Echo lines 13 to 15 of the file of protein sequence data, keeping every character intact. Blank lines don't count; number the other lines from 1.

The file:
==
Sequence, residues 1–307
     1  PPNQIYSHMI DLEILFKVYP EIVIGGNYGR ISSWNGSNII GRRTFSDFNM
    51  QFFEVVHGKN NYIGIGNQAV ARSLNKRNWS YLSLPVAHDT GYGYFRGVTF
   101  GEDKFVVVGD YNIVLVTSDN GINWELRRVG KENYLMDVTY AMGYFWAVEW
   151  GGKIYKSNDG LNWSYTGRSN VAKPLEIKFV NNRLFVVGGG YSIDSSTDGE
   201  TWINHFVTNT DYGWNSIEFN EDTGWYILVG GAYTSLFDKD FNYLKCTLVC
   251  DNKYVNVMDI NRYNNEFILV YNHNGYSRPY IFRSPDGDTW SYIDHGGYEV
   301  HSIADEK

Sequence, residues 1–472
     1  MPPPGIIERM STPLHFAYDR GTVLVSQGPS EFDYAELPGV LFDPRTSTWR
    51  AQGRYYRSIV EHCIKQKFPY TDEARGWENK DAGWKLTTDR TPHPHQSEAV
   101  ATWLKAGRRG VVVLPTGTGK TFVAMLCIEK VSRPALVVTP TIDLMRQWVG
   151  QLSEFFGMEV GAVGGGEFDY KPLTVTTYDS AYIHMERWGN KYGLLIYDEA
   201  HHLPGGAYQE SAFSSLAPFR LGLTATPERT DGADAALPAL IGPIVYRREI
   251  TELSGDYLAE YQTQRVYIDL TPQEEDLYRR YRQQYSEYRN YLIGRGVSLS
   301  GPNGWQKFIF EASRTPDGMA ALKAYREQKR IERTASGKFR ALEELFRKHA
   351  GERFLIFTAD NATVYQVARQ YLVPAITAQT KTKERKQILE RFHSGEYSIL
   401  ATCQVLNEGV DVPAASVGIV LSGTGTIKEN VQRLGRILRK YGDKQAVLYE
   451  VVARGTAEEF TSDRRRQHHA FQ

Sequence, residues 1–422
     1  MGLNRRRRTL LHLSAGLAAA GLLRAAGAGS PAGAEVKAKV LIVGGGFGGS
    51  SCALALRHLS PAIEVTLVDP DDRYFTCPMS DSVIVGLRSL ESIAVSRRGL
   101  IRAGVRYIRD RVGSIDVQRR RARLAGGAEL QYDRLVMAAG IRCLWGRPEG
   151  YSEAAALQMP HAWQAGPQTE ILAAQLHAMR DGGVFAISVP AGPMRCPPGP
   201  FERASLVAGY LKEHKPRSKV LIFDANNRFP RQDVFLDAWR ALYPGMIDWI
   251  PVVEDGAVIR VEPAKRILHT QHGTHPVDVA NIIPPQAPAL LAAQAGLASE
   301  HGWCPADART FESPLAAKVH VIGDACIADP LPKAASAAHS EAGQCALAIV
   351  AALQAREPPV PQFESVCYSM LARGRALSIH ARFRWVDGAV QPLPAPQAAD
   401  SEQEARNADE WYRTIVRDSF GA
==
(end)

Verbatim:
   151  QLSEFFGMEV GAVGGGEFDY KPLTVTTYDS AYIHMERWGN KYGLLIYDEA
   201  HHLPGGAYQE SAFSSLAPFR LGLTATPERT DGADAALPAL IGPIVYRREI
   251  TELSGDYLAE YQTQRVYIDL TPQEEDLYRR YRQQYSEYRN YLIGRGVSLS